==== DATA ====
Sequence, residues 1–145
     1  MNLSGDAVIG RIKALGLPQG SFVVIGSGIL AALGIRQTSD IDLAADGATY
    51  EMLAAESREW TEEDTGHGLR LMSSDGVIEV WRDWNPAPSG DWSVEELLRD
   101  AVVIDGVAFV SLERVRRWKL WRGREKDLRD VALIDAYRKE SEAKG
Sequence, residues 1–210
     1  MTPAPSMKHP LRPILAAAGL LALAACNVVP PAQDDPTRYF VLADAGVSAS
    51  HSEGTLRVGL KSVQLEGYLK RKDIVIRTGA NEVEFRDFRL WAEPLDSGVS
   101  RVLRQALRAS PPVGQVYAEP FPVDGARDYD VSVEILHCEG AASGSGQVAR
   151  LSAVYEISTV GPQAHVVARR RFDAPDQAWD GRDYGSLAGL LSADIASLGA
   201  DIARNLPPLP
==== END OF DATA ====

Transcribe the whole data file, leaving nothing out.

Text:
Sequence, residues 1–145
     1  MNLSGDAVIG RIKALGLPQG SFVVIGSGIL AALGIRQTSD IDLAADGATY
    51  EMLAAESREW TEEDTGHGLR LMSSDGVIEV WRDWNPAPSG DWSVEELLRD
   101  AVVIDGVAFV SLERVRRWKL WRGREKDLRD VALIDAYRKE SEAKG
Sequence, residues 1–210
     1  MTPAPSMKHP LRPILAAAGL LALAACNVVP PAQDDPTRYF VLADAGVSAS
    51  HSEGTLRVGL KSVQLEGYLK RKDIVIRTGA NEVEFRDFRL WAEPLDSGVS
   101  RVLRQALRAS PPVGQVYAEP FPVDGARDYD VSVEILHCEG AASGSGQVAR
   151  LSAVYEISTV GPQAHVVARR RFDAPDQAWD GRDYGSLAGL LSADIASLGA
   201  DIARNLPPLP